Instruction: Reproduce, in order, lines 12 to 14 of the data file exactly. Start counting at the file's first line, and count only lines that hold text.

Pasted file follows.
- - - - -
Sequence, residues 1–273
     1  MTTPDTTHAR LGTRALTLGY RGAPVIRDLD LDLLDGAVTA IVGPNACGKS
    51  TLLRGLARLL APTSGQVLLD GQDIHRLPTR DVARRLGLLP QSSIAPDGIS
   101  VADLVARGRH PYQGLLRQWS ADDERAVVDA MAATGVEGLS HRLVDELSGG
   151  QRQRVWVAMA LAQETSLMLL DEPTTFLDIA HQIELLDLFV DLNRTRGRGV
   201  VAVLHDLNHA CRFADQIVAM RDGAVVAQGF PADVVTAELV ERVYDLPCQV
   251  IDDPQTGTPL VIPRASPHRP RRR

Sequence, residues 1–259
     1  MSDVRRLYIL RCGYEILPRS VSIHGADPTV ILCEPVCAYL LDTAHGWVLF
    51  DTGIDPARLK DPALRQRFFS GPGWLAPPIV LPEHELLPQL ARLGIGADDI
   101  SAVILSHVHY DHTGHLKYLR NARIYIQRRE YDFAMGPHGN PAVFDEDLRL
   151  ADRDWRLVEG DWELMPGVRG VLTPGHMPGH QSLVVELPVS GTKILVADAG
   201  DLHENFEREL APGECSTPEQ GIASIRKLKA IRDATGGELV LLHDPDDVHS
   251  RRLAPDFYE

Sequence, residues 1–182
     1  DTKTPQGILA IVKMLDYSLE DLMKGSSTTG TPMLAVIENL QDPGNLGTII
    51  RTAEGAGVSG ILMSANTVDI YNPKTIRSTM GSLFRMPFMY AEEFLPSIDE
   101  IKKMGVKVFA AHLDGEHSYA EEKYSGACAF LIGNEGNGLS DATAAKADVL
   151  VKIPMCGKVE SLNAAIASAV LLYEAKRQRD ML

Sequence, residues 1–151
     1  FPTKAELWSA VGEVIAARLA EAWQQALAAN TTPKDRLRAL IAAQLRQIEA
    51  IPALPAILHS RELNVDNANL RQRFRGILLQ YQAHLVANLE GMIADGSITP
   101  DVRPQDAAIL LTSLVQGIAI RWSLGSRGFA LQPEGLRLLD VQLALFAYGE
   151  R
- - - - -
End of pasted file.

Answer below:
   151  ADRDWRLVEG DWELMPGVRG VLTPGHMPGH QSLVVELPVS GTKILVADAG
   201  DLHENFEREL APGECSTPEQ GIASIRKLKA IRDATGGELV LLHDPDDVHS
   251  RRLAPDFYE